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Hilton College labour tenants a step closer to owning land

Labour tenant Bhekindlela Mwelase died in November last year before the finalisation of the Hilton College land claim.
Labour tenant Bhekindlela Mwelase died in November last year before the finalisation of the Hilton College land claim.
Image: Supplied

After unsuccessfully trying for more than 22 years to lay claim to a portion of SA’s most expensive and prestigious school, labour tenants from the KwaZulu-Natal Midlands are one step closer to becoming land owners. 

The constitutional court on Tuesday ordered the reinstatement of a land claims court (LCC) order to appoint a special master to oversee claims by families who laboured on farms in lieu of payments and permission to live on a portion of the farm.

“We are very excited. This is a landmark judgment. We have been waiting for it since 2013. It has come at a time when we had lost a lot of hope and a lot of claimants have died, which is a sad thing. It is an emotional day, especially because we are currently mourning the passing of one of the claimants a week ago,” said Association of Rural Advancement (Afra) spokesperson Nokuthula Mthimunye

“For the constitutional court to reinstate a land claims judgment is amazing. More than anything, we are excited that these land claims that were lodged 20 years ago are going to processed and there is going to be a process moving forward. The court has confirmed that these rights must be recognised,” Mthimunye said.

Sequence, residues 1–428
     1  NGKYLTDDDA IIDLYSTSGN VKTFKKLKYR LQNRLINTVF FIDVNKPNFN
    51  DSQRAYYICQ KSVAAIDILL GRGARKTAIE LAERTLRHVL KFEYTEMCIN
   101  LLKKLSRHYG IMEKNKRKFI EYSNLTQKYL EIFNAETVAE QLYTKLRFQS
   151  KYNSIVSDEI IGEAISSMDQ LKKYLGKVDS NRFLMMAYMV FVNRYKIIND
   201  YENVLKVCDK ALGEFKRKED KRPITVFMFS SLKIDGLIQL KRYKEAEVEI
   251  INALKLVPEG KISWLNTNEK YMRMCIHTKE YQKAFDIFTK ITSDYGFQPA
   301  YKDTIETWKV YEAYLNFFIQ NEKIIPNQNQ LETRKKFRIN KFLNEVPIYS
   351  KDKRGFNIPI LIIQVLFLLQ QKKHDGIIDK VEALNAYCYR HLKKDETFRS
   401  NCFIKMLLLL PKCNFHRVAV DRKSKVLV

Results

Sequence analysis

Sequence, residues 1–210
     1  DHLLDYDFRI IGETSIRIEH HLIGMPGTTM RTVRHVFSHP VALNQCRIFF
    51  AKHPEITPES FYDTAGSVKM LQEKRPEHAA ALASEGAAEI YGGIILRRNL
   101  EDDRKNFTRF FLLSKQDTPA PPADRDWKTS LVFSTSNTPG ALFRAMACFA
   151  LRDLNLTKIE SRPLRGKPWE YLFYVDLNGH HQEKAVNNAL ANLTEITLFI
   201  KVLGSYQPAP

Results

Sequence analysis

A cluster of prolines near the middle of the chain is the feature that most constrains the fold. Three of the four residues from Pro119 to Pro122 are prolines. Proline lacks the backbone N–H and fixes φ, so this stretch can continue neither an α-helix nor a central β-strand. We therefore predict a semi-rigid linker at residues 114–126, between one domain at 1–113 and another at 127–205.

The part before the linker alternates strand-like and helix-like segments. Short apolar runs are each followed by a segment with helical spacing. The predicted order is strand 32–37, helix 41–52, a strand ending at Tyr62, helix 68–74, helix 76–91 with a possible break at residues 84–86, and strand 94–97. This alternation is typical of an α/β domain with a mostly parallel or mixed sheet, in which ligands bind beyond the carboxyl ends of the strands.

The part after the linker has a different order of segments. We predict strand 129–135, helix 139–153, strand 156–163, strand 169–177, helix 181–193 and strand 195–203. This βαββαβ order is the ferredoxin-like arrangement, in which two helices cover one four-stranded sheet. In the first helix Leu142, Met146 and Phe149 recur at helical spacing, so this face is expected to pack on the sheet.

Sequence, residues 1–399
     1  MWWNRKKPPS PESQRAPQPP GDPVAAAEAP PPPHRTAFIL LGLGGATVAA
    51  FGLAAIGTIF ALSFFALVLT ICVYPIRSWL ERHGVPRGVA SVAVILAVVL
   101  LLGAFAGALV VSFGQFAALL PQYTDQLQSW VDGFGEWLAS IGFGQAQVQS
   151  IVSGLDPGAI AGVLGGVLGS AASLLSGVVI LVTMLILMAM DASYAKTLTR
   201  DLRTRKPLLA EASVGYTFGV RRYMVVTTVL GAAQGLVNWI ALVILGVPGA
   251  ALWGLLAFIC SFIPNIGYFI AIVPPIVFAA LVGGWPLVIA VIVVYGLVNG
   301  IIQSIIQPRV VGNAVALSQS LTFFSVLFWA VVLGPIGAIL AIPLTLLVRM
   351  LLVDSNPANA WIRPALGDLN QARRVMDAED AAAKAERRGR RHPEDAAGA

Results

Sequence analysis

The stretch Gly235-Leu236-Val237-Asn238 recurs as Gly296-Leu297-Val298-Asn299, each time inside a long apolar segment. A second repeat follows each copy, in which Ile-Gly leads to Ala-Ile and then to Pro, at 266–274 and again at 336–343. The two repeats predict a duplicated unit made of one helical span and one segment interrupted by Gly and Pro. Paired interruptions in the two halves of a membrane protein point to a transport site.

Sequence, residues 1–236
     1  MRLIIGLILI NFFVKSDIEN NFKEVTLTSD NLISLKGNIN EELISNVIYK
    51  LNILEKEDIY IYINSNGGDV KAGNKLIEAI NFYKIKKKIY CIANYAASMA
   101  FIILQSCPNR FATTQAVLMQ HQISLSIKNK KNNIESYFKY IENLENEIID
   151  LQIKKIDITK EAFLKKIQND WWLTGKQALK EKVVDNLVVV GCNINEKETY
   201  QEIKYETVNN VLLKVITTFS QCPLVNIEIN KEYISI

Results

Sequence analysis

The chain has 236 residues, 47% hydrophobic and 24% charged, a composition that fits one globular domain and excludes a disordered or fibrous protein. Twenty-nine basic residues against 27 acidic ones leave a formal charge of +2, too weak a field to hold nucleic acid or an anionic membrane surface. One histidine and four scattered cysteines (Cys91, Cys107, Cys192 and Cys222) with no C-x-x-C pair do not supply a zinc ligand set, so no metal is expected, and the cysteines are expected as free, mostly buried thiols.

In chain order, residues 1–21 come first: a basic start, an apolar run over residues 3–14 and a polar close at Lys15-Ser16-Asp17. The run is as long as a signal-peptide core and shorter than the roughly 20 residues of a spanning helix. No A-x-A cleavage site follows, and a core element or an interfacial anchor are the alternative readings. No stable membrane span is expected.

The case for the appointment of a special master was brought to court by the Pietermaritzburg-based land rights advocacy NGO and the Legal Resources Centre (LRC) in 2013 as a class action on behalf of labour tenants whose claims have not been processed.

At the heart of the arguments at the Constitutional Court in Johannesburg was a portion of Hilton College’s 1,762ha property, which includes farmland, timber plantations and a game reserve.

This portion of land has been the subject of a land claim by labour tenants for more than 22 years. But the private school, whose fees are about R300,000 a year, is disputing the claim that excludes the school buildings and sports fields.

In 2016, the LCC found the department of rural development and land reform to be in contempt of numerous court orders and in contravention of the provisions of the Labour Tenants Act of 1996. It found in favour of the labour tenants’ application to have a special master appointed to oversee the processing of labour tenant claims, about 11,000 of which remain incomplete since the closing date in 2001.

However, the department opposed the appointment of a special master, and last year the supreme court of appeal (SCA) set aside the LCC’s judgment in favour of the appointment of a special court master.

“Constitutional court justice Edwin Cameron's judgment means that the claimants will have their visions and dreams eventually come true. They had to wait many years, living in situations that are not good for any individuals. Their rights have been continuously violated and they have been persisting, waiting for their land claims to be processed. We are hopeful that they will finally have their own land in their own name,” said Mthimunye.

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